Development funding of £233,100 has also been awarded to help the council progress their plans to apply for a full grant at a later date. The project aims to repair and reopen a full wing of the castle which is currently derelict inside, and create a dynamic Heritage Centre for visitors to discover the fascinating story of this magnificent building.
Participation will be the watch word, with staff and volunteers engaging visitors of all ages in activities relating to the heritage. A priceless collection of medieval stained glass that belonged to Lord Stuart de Rothesay will be conserved and displayed within the castle with visitors able to observe the process first hand. The project aims to receive back on loan from the Victoria & Albert Museum, key pieces of the original furniture and to display them within the building, also, to restore the Victorian kitchen and create a dynamic study centre.
The grounds will also benefit from the grant, and there are plans to improve the parkland including more interpretation of the influence of Capability Brown.
Highcliffe Castle was built between 1831 and 1836, was lavishly furnished in the 18th Century French style and played host to royalty, the rich and famous, including Harry Gordon Selfridge, who leased the castle from 1916 to 1922. It is a focal point for the local community who enjoy a wide range of exhibitions and events throughout the year. It had a chequered history after it was sold in 1950 and by the end of the following decade was reduced to a fire-ravaged, roofless ruin. Assisted by a HLF grant in 1994, the exterior of the building was restored and Highcliffe Castle rose like a Phoenix from the ashes of the fire. This project is a crucial part of the overall repair and restoration programme, and will let the ‘Phoenix fly’.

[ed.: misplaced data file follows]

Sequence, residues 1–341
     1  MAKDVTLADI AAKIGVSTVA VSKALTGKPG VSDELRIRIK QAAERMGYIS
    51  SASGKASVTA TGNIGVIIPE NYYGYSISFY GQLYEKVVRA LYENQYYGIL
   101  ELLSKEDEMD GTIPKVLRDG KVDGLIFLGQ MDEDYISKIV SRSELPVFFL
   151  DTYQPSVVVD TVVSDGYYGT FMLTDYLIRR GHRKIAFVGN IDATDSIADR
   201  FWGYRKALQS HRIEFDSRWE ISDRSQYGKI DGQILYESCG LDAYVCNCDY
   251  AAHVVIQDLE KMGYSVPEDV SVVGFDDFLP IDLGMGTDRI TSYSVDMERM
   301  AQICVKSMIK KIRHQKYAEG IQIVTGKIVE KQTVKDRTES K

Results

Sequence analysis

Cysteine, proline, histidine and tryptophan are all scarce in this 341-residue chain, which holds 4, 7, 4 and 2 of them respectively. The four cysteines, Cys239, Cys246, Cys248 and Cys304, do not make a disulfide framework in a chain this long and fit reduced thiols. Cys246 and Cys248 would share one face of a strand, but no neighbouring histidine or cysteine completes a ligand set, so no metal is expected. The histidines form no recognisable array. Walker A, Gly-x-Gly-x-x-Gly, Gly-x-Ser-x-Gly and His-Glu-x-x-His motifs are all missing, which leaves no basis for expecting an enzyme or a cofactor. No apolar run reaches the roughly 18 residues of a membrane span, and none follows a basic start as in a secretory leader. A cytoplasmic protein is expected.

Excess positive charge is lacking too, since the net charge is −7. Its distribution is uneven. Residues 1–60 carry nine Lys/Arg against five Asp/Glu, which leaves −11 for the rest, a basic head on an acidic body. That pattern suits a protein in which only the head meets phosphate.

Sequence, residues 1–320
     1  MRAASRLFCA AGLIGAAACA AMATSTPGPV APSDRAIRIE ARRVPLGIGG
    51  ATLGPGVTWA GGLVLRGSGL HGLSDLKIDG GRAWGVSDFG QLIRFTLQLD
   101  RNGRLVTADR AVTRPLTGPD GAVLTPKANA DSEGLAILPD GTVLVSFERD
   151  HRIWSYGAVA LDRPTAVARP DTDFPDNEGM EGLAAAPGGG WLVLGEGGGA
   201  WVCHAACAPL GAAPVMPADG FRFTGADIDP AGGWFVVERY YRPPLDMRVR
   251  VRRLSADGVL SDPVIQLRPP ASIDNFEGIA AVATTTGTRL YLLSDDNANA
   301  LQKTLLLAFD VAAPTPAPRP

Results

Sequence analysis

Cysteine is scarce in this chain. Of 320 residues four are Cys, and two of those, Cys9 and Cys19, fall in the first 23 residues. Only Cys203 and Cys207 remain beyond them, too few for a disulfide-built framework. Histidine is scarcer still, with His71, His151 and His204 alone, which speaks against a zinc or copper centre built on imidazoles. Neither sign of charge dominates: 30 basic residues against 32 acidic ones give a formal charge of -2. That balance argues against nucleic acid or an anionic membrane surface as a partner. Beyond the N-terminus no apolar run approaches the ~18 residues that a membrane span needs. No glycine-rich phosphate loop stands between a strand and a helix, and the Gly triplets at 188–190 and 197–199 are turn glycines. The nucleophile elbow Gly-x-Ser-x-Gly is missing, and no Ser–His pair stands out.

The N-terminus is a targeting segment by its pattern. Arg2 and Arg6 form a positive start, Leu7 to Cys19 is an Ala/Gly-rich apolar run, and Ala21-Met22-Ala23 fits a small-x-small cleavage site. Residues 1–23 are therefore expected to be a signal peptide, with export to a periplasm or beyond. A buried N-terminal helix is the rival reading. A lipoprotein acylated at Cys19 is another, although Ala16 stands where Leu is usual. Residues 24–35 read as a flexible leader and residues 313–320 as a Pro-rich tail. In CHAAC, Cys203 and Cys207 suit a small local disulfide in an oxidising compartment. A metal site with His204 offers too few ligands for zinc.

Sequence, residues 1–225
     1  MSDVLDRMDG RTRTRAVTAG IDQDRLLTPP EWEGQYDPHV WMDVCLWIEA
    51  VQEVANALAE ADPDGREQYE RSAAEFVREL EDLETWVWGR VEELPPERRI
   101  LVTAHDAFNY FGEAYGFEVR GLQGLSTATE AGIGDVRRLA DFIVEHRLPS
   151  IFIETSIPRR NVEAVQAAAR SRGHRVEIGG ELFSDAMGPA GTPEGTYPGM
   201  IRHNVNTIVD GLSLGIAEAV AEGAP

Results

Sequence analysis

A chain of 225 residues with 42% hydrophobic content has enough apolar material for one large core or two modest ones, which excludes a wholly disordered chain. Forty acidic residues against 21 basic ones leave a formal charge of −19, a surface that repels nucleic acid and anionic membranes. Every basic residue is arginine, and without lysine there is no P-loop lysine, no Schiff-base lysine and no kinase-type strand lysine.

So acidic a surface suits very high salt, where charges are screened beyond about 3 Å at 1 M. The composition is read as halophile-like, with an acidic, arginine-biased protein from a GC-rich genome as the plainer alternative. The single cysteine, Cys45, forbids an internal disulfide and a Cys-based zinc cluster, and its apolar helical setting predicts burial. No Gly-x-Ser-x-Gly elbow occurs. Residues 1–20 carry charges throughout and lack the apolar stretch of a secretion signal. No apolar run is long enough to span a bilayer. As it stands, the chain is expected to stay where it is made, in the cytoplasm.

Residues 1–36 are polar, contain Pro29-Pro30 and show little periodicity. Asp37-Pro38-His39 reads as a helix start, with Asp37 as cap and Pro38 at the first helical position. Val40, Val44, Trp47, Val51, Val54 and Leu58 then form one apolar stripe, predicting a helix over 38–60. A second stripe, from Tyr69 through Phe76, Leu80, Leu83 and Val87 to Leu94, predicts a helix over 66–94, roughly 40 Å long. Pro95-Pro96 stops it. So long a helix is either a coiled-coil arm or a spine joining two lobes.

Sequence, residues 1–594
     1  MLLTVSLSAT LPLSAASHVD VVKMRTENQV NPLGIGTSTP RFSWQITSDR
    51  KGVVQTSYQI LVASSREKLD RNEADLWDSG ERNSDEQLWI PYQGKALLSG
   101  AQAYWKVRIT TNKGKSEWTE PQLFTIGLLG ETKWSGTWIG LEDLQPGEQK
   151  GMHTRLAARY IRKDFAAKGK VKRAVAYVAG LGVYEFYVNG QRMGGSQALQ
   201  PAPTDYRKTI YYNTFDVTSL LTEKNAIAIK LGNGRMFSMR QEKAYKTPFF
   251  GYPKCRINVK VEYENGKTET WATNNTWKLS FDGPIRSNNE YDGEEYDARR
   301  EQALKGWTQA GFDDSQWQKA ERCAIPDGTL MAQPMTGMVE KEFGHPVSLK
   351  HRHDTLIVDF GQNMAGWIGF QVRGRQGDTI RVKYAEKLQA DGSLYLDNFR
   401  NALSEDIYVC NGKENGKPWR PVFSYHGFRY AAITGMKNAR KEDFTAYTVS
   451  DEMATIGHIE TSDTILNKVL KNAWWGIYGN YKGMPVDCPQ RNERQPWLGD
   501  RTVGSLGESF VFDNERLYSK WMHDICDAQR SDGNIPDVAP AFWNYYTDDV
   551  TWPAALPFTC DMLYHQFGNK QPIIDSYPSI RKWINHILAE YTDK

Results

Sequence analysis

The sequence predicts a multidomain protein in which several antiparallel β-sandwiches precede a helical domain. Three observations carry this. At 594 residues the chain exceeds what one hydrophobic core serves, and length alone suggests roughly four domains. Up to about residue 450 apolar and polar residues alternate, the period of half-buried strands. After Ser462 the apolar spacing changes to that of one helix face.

Cllr Ray Nottage, Leader of Christchurch Borough Council ,said: “We’re delighted that the Heritage Lottery Fund has given us this support. The project is not merely about restoration but about creating a lasting legacy for Christchurch and an attraction that will support the local economy and be enjoyed for generations to come.”
Nerys Watts, Head of Heritage Lottery Fund South West, said: “HLF’s initial support for these exciting plans mean that the last piece in the conservation jigsaw can be put in place at Lord Stuart de Rothsay’s ‘fantasy’ house - Highcliffe Castle. By restoring the East Wing, creating new learning spaces, reinstating the internationally important stained glass collection and doubling the areas open to the public; this impressive project will totally transform the visitor experience at Highcliffe and ensure the Castle’s long-term future.
"This project is particularly good news as Christchurch is one of our development areas where we’ve historically funded less projects. We’re delighted to be supporting Christchurch Borough Council and look forward to seeing their plans progress over the coming months.”
Notes to editors
A first-round pass means the project meets HLF criteria for funding and HLF believes the project has potential to deliver high-quality benefits and value for Lottery money. The application was in competition with other supportable projects, so a first-round pass is an endorsement of outline proposals. Having been awarded a first-round pass, the project now has up to two years to submit fully developed proposals to compete for a firm award.
On occasion, an applicant with a first-round pass will also be awarded development funding towards the development of their scheme.
We have identified a number of priority development areas, including Christchurch, within the South West. They will be the focus of additional targeted activity by our development staff who will be doing more to raise awareness about Heritage Lottery Fund programmes and supporting local organisations and groups in making applications for grants in these areas.